If there is one genre that I hold particularly close to my heart, it is definitely the traditional JRPG. Some of my earliest gaming memories are of going round to a friends house and seeing the Final Fantasy games on PS1 which absolutely blew me away. The idea that a game could take you away to another place that had a huge story and cast of characters was something completely otherworldly to me and I’ve loved the genre ever since.
Despite it essentially inventing the genre of turn based console RPGs, I’d never actually played a single Dragon Quest game before and so last year I decided to pick up the very first game on the Google Play Store. Dragon Quest is a bit of a strange series because despite it’s massive success in Japan and there being no less than 11 games, it’s not all that known or popular in America and Europe. It makes even less sense as the art and character designs are done by Akira Toryama, the creator of the Dragonball franchise, which you’d imagine would mean it has a massive appeal over here. It’s only really been in the last few years, with the successful launch of Dragon Quest XI on the PS4 and later Switch, that the series has gained some recognition outside of a cult audience.
Never one to make things easy for myself, I decided that I wanted to see what the series was all about but decided that I’d start it from the beginning. After all, what better use of my time than to commit to playing 11 extremely lengthy old school RPGs?
So last year I beat Dragon Quest 1, which was essentially the most basic old school JRPG that it’s possible to even imagine. You play as a singular hero the entire way through the game, known only as the descendant of the legendary hero Erdrick and you never expand beyond a party of one. The game is essentially completely linear despite you being able to explore the world map and grind to your heart’s content but there are no secrets or optional areas to find. You just go from A to B while making sure that you do enough grinding to be able to cope with the monsters in the next area.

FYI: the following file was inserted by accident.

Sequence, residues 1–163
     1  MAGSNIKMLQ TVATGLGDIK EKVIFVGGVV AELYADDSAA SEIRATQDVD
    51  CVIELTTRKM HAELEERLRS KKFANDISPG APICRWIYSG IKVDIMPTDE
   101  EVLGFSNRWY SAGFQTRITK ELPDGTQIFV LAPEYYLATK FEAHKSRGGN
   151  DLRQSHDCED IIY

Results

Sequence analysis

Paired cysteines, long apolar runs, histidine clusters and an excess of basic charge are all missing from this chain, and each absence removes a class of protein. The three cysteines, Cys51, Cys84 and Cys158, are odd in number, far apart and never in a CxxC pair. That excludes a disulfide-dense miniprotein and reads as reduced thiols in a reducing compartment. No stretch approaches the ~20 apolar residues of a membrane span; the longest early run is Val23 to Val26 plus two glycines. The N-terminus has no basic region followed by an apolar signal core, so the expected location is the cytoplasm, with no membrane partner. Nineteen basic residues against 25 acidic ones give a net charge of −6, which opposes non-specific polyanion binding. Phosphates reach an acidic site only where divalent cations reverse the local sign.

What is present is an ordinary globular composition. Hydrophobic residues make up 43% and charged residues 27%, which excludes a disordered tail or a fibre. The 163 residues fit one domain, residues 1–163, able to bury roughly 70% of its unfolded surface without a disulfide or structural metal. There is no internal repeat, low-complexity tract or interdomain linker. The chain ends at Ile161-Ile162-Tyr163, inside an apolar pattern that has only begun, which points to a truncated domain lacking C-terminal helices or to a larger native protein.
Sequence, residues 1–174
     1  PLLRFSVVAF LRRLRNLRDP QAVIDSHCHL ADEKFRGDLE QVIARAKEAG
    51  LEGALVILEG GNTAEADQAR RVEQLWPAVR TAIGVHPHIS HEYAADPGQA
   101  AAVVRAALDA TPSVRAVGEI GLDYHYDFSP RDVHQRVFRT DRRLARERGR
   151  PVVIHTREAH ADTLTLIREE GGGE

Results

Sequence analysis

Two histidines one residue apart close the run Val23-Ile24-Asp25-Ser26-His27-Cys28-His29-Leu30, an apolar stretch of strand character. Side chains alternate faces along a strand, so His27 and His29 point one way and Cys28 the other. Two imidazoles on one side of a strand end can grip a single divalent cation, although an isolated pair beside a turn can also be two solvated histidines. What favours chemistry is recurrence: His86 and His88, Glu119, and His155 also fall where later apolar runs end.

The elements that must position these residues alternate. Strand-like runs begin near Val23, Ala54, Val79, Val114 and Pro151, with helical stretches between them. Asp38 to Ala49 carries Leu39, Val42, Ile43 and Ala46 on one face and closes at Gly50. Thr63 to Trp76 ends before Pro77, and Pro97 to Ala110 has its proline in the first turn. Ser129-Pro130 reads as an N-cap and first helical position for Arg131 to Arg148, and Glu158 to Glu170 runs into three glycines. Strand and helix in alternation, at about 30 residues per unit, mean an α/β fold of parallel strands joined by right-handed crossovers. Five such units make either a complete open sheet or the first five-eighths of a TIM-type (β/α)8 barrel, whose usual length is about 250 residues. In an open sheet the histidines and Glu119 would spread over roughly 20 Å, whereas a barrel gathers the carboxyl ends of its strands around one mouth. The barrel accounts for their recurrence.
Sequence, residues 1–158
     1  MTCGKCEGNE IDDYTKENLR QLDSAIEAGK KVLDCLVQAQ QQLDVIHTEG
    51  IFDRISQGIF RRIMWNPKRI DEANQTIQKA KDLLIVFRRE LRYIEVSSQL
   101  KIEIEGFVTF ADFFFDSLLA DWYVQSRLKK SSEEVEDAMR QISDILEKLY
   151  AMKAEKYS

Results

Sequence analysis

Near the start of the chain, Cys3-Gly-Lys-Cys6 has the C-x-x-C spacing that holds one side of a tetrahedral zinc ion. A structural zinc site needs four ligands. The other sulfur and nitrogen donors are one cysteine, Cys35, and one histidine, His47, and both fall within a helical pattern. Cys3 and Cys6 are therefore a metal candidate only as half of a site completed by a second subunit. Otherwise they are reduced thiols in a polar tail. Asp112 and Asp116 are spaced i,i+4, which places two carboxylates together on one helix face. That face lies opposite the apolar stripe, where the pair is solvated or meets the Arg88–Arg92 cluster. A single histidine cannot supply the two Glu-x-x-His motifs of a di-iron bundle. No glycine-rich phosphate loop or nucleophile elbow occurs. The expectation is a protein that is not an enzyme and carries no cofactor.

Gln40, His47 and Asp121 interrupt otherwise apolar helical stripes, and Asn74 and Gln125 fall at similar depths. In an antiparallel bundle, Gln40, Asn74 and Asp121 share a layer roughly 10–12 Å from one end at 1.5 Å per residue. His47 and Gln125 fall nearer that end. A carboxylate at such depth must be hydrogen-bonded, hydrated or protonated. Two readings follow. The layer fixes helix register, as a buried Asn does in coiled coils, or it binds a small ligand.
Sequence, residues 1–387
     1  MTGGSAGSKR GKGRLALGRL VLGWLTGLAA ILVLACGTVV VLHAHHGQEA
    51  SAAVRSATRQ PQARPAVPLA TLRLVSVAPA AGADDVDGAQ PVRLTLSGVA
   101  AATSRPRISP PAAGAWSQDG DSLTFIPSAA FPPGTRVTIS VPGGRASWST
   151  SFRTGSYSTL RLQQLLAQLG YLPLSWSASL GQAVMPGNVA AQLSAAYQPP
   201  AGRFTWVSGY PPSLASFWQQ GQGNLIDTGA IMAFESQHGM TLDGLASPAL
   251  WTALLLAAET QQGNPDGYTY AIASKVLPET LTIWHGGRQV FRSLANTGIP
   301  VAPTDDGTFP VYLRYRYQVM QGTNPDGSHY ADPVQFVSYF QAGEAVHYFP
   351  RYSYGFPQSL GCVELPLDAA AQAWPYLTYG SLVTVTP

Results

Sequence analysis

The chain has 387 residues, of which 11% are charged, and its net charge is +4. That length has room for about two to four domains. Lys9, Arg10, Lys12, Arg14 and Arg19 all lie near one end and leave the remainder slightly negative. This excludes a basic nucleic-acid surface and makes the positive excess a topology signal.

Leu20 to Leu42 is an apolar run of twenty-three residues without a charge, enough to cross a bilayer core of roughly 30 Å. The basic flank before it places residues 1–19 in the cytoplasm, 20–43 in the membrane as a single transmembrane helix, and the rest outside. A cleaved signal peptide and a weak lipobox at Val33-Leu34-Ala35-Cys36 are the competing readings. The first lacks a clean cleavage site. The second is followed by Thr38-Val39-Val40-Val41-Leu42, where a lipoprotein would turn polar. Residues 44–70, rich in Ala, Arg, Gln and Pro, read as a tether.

It’s essentially “grinding – the game” as the entire game is basically spent getting EXP to enable you to make it through a cave or tower and finally reach the final boss. There are some pretty mean difficulty spikes as well, so you really do need to commit yourself to the grind in order to make progress.
Luckily my brain appears to be completely immune to the boredom of grinding and as it was on mobile, I was perfectly content to sit watching something on TV or listening to music whilst my thumb’s muscle memory took care of the battles. Weirdly, I actually ended up quite enjoying my time with the game as it was so brutally simplistic that it was nice to just enjoy a game that wasn’t crazily complicated or melodramatic. It’s just a simple game about a young hero getting stronger and defeating the bad guys.